Chapter 7: "Management and Leadership" (Planning, the first…
Chapter 7: "Management and Leadership"
Managers normally use organizational resources (workers, money, information, equipment) to achieve enterprise objectives.
Today, however, the management function has changed more to team-emphasized. They prefer team, cooperation and leadership behaviors rather than just being a boss and giving orders. Their goal is to achieve organizational goals and objectives.
Planning: key element by anticipating trends and determining the best strategies and tactics.
Leading: designing the structure of the organization and creating conditions and systems in which everyone and everything work together to achieve the organization’s goals and objectives.
Organizing: creating a vision for the organization and communicating, guiding, training, coaching, and motivating others.
Controlling: Establish clear standards and measures whether what actually occurs meets the organization’s goals.
Planning, the first managerial function, is setting the organization’s vision, goals, and objectives. Planning requires the SWOT analysis which analyzes the organization’s strengths and weaknesses, and the opportunities and threats.
Vision: broad explanation of why the organization exists and where it’s trying to go. (purpose and value)
Mission statement: outlines the organization’s fundamental purposes.The organization’s self-concept, its philosophy, long-term survival needs, customer needs, social, responsibility, nature of the product or service.
Goals: broad, long-term accomplishments an organization wishes to attain.
Objectives: specific, short-term statements detailing how to achieve the organization’s goals.
There are several types of planning to reach a goal.
Strategic planning: by top management and determines the major goals of the organization and the policies, procedures, strategies, and resources it will need to achieve them.
Tactical planning: process of developing detailed, short-term statements about what is to be done, who is to do it, and how.
Operational planning: process of setting work standards and schedules necessary to implement the company’s tactical objectives.
Contingency planning: process of preparing alternative courses of action the firm can use if its primary plans don’t work out.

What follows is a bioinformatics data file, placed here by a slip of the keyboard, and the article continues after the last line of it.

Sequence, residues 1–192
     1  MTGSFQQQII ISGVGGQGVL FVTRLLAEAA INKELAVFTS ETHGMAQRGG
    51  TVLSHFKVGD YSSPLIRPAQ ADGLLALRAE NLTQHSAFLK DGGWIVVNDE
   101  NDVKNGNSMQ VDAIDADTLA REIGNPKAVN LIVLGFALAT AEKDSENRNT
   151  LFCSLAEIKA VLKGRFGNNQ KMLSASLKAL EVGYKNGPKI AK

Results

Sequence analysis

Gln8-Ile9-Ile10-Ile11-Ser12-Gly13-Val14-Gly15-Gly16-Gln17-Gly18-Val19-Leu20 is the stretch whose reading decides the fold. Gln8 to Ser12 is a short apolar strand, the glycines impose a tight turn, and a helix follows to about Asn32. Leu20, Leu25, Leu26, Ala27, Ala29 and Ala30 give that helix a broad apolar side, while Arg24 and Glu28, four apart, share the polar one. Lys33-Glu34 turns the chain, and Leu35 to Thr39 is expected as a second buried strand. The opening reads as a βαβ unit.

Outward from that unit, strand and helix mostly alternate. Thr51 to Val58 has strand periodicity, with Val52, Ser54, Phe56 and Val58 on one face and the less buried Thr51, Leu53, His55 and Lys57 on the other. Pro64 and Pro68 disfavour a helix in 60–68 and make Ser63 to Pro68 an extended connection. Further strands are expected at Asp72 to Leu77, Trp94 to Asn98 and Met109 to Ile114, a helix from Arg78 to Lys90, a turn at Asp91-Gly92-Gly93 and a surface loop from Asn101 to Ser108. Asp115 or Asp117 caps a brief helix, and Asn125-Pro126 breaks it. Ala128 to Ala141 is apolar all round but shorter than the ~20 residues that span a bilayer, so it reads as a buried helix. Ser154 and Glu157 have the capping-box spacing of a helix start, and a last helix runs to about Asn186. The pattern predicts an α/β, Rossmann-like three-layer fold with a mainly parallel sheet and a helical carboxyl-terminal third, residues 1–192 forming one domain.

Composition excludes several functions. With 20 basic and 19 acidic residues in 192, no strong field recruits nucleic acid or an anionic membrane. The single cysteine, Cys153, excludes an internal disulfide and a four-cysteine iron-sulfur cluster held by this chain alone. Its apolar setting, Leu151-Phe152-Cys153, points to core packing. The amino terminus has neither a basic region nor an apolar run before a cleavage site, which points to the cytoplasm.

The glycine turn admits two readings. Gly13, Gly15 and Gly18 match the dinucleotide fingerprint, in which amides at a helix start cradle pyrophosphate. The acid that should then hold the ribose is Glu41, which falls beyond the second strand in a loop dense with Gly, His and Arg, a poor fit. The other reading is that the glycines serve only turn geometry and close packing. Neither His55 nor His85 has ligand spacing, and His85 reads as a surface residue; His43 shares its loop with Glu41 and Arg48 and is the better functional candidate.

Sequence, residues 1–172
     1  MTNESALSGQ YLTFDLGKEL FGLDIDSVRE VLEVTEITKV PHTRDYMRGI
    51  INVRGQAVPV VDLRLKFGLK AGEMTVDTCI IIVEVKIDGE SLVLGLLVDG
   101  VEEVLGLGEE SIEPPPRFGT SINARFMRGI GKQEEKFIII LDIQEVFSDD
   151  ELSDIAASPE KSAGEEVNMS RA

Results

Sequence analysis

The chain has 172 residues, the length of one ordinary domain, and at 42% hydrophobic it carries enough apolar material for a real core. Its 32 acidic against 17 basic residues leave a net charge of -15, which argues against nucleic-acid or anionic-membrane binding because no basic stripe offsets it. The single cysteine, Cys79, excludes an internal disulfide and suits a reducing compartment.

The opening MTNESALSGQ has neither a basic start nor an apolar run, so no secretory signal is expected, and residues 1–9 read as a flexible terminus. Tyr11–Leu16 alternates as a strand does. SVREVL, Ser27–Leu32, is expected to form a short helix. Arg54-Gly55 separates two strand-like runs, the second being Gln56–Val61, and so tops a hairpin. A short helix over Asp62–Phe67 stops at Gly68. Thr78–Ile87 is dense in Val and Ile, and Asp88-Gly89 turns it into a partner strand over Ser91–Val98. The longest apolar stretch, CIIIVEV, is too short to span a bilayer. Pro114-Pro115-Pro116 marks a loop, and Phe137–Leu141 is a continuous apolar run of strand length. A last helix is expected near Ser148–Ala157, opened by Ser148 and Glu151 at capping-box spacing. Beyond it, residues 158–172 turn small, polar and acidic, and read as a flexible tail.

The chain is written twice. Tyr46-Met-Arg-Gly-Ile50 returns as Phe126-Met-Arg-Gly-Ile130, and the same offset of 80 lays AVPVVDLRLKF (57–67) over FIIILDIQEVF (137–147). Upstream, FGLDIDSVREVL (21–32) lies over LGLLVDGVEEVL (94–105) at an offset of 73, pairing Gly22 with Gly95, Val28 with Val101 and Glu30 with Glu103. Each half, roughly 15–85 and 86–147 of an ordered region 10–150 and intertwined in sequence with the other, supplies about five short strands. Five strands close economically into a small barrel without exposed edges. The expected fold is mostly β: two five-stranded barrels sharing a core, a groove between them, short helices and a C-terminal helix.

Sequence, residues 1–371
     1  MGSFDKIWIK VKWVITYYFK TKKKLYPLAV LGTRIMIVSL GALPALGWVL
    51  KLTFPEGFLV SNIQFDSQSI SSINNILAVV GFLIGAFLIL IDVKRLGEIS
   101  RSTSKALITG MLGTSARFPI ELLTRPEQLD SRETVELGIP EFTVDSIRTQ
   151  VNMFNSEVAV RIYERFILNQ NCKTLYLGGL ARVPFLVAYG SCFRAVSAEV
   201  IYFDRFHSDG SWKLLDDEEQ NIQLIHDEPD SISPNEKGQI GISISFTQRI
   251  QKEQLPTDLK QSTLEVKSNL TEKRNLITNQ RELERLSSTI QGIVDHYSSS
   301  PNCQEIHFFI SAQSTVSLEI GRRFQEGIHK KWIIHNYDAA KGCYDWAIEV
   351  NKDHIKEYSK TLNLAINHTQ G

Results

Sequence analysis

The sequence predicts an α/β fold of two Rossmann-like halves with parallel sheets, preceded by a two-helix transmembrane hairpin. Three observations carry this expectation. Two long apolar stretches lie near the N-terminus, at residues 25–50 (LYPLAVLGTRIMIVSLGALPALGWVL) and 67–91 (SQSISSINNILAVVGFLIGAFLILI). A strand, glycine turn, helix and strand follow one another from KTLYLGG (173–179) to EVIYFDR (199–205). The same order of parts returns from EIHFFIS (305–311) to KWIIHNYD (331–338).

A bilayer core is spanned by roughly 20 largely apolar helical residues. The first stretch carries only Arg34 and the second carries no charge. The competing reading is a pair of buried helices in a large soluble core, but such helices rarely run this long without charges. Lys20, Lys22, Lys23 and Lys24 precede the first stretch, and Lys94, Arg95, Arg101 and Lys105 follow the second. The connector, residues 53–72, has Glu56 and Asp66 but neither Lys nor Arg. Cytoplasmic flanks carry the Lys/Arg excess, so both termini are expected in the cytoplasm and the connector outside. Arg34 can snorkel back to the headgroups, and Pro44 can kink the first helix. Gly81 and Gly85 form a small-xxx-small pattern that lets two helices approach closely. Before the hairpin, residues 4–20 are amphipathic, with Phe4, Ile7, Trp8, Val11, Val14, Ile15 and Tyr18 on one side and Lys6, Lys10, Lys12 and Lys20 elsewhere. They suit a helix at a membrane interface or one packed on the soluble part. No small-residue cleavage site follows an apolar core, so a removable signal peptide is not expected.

While planning businesses encounter decision-making which is choosing among two or more alternatives. They need to define the situation, describe and collect needed information, develop alternatives, decide which alternative is best and determine whether the decision was a good one.
If they aren’t able to follow these steps, they need problem solving which is less formal than decision making and usually calls for quicker action to resolve issues.
Managers plan a course of action and they must organize the firm to accomplish their goals. That means allocating resources.
Top management: the highest level, consists of the president and other key company executives who develop strategic plans.
Middle management: responsible for tactical planning and controlling.
Supervisory management: directly responsible for supervising workers and evaluating daily performance.
Technical skills: ability to perform tasks in a specific discipline.
Human relations: enable managers to work through and with people.
Conceptual skills: let the manager picture the organization as a whole and see the relationships among its various parts.
Leadership is creating a vision for others to follow, establishing corporate values and ethics, and transforming the way the organization does business in order to improve its effectiveness and efficiency. A leader must empower workers and communicate their knowledge with them.
Leaders communicate a vision and rally others around that vision, establish corporate values, promote corporate ethics, embrace change and stress accountability and responsibility.
Autocratic leadership: making managerial decisions without
Participative (democratic) leadership: meeting to discuss and resolve
management issues by giving everyone some opportunity to contribute
Free-rein leadership: managers set objectives and employees are
free to do whatever is appropriate to accomplish those objectives.
The control function measures performance relative to the planned objective and standards, rewards people for work well done, and takes corrective action when necessary.
Establishing clear performance standards. This ties the planning function to the control function. Without clear standards, control is impossible.
Monitoring and recording actual performance or results.
Comparing results against plans and standards.
Communicating results and deviations to the appropriate employees.
Taking corrective action when needed and providing positive feedback for work well done.